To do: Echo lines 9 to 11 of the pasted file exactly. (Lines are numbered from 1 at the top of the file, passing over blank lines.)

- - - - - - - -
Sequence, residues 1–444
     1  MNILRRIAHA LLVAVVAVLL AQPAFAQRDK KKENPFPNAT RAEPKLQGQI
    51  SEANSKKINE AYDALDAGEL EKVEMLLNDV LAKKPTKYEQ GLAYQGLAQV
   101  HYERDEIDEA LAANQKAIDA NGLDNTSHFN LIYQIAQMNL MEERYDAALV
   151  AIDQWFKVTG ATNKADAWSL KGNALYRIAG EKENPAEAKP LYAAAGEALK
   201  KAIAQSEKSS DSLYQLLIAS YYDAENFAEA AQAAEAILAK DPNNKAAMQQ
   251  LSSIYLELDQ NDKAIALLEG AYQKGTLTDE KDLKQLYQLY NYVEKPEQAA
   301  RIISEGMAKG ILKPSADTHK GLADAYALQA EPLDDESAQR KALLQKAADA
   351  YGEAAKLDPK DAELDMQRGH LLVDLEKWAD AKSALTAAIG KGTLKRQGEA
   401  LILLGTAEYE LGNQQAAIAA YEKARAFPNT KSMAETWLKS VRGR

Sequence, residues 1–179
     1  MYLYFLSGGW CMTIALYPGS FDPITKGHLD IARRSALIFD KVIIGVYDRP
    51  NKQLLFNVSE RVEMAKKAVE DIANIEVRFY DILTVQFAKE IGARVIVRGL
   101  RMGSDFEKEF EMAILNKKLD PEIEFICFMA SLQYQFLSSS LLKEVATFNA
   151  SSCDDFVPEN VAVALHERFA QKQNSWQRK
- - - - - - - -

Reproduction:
   351  YGEAAKLDPK DAELDMQRGH LLVDLEKWAD AKSALTAAIG KGTLKRQGEA
   401  LILLGTAEYE LGNQQAAIAA YEKARAFPNT KSMAETWLKS VRGR

Sequence, residues 1–179